Figure 10: Sketch of the particle sensor; underwater unit with amplifiers, filters and line drivers. Measurements The underwater unit was placed on the sea floor with the accelerometers suspended 0.9 m up in the water column. It was positioned to be aligned vertically with hydrophone 4 (Figure 4). The distance from the loudspeaker varied between 5-10 m during trials. Recordings of transmitted piling noise and ambient noise were made throughout the first part of the experiments (cod group 1) in July and beginning of August 2009. Additional measurement at different distances from the sound source (6, 10, 15, 20, 25, 30, 60 and 110 m) were carried out before and after the first set of trials in order to measure the particle acceleration as a function of distance from the loudspeaker. Data analysis Recordings of particle acceleration were analysed using Matlab (MathWorks) signal processing software. Only the radial x-axis component was used in the calculations of peak and amplitude values as it was the dominate component with much higher values than the Y and Z axis. A highpass filter was applied in the post-analysis to attenuate the wave-induced motions (< 10 Hz) that were dominating the signal. Each 10 minute playback sequence contained an average of 524 pile strikes and average peak values (including standard deviation) were calculated and presented in units of m/s2. Amplitudes of ambient noise in the sea and in holding tanks of the fish were presented as m/s 2 rms (root mean square) values. Statistical analyses were performed using SPSS 13.0 statistical software for Windows. Differences between playback levels (highest level, -6 dB, -12 dB) were analysed using the non-parametrical Kruskal-Wallis ANOVA as data were not normally distributed. Additionally, a correlations analysis (Pearson) was performed to evaluate any depth dependency during sound measurements. An analysis of influence by sea state could not be carried out due to low replication level of different weather during particle acceleration measurements.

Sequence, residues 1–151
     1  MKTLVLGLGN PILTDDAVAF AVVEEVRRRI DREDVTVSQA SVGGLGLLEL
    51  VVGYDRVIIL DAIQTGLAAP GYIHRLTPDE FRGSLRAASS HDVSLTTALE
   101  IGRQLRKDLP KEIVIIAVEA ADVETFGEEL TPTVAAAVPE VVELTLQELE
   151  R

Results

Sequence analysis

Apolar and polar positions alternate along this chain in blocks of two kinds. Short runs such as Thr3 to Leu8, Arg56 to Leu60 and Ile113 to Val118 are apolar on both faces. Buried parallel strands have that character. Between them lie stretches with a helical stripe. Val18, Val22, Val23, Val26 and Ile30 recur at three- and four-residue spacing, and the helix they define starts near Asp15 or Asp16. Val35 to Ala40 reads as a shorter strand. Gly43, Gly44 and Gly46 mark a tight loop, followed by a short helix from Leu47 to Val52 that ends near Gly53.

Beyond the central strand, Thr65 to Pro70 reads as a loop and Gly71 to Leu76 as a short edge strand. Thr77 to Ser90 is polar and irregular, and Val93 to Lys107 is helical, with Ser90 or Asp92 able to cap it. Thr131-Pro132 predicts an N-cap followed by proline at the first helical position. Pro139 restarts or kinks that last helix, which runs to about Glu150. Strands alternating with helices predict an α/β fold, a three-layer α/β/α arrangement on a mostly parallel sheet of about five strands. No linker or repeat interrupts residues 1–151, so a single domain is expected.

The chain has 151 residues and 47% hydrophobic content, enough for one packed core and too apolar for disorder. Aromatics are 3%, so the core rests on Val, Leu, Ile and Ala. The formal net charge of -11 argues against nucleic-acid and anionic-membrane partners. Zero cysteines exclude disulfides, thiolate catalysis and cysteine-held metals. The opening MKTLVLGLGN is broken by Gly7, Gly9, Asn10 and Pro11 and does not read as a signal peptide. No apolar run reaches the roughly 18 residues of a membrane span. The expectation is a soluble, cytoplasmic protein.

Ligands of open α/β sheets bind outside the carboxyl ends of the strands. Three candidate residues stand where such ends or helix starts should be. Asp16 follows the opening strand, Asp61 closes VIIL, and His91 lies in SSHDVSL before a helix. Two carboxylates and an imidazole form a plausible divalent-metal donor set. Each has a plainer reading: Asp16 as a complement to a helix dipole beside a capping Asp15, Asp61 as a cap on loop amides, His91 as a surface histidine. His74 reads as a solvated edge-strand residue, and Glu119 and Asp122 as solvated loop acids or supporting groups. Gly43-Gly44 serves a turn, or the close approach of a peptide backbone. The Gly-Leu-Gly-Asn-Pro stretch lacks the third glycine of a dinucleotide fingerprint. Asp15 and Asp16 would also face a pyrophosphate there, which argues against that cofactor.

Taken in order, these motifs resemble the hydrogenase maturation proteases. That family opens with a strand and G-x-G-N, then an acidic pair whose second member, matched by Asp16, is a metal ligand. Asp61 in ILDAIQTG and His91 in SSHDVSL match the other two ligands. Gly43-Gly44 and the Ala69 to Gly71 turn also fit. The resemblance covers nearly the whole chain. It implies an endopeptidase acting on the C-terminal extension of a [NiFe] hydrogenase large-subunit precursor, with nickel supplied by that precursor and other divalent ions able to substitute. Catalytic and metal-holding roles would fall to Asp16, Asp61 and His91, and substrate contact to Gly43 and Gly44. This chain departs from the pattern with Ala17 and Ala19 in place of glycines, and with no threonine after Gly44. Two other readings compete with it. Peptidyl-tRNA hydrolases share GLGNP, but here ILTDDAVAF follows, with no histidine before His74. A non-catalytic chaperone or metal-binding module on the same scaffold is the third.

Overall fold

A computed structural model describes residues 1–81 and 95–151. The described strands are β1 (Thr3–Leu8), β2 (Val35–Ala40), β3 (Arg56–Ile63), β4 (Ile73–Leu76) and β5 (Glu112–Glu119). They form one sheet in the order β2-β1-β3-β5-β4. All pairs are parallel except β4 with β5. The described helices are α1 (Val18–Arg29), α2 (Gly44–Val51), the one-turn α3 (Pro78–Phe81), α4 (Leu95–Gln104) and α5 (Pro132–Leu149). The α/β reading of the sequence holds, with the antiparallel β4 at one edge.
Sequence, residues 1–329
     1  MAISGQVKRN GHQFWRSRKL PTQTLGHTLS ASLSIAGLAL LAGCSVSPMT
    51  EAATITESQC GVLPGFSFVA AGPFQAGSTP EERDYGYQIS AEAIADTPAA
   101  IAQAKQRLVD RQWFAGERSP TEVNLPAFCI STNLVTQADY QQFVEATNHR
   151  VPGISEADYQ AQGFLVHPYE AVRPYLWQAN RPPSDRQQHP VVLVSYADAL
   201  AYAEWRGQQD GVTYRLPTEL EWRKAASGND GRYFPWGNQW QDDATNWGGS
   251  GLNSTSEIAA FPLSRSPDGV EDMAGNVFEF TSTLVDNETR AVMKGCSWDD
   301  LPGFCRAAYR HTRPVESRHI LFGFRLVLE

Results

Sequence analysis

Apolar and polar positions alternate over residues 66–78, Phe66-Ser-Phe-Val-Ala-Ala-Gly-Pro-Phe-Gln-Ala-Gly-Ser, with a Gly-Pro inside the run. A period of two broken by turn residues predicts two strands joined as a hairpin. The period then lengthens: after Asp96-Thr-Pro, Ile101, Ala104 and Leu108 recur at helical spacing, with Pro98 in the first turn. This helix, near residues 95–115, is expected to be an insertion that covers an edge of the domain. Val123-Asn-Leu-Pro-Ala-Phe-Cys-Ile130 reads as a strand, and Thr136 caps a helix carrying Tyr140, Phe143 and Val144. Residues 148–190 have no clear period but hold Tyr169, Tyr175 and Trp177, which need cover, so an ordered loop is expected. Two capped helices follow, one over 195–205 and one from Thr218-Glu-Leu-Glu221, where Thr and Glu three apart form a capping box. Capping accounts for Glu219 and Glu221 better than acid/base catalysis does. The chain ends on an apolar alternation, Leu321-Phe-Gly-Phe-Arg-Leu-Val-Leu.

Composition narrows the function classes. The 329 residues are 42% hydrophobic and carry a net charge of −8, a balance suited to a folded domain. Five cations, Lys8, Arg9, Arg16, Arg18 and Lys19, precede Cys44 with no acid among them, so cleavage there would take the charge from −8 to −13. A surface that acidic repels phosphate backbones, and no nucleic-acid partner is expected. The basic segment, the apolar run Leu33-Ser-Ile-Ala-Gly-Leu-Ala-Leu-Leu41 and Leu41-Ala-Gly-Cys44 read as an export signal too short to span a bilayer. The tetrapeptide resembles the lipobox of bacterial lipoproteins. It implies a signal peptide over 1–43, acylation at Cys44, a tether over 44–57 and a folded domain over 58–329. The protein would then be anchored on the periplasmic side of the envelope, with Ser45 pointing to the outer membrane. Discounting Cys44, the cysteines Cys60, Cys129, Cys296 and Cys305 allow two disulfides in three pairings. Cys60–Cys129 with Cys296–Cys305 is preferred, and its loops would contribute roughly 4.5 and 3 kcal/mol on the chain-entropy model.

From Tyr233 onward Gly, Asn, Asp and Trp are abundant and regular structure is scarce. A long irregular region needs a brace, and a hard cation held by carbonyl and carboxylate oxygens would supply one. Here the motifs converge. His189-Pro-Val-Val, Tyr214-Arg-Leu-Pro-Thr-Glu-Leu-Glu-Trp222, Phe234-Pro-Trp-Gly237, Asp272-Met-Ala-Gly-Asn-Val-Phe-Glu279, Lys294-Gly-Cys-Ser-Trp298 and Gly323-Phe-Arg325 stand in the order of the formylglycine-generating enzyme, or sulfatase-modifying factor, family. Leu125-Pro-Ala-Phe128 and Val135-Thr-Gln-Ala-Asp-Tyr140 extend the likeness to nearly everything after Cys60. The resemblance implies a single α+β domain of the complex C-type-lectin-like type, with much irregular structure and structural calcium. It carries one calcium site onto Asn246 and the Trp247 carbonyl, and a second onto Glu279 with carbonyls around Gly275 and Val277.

M.H.Andersson

COWRIE Ref: Fish 06-08 Technical Report

3.5 Sound playback system


A J11 loudspeaker manufactured in the USA was purchased for the experiments as this loudspeaker is particularly strong in frequencies up to 10 kHz and so most suitable for playback of pile-driving sound. Sound pressure levels of up to 170 dB re 1Pa could be produced during playback. The loudspeaker was delivered to Cefas in May 2009 and initial tests showed a very high quality of playback performance. For the playback experiments the loudspeaker was connected to a car audio amplifier and a transformer to produce high sound levels, and a further amplifier which was connected to a laptop from which sound was played back. The sound playback system was powered by a leisure battery and stored in a waterproofed container (Figure 11).

Figure 11: Sound playback system.

Figure 12: Winch to lower the loudspeaker from the boat.

3.6 Acoustic tracking equipment


During experiments movements of fish were recorded using an acoustic tracking system VRAP (Vemco Radio Acoustic Positioning). The VRAP system uses three acoustic tracking buoys (Figure 13) that detect the acoustic pulses from tagged fish, triangulates the fish position and then relays the data to a base station via a radio link. Each buoy has an internal battery which provides power for up to 10 days. Therefore, over the course of the experiments, the buoys needed to be recharged periodically using a mains charger back on land. The VRAP buoys were moored to concrete blocks at the sea bed in a triangular position outside the two mesocosms (see Figure 4). The average water depth (varying with tide) on the two buoys closer to the coast was 12 m while it was 15 m at the buoy furthest from the coast. The hydrophone cables were attached to the mooring rope with the hydrophone floating about 1 m above the seafloor. Figure 14 shows a VRAP buoy with the coiled up hydrophone cable at the mesocosm site before the hydrophone was attached to the mooring rope.

M.H.Andersson

COWRIE Ref: Fish 06-08 Technical Report

Figure 13: In air testing of VRAP-buoy system.

Figure 14: VRAP buoy before hydrophone cable was brought to the sea bed.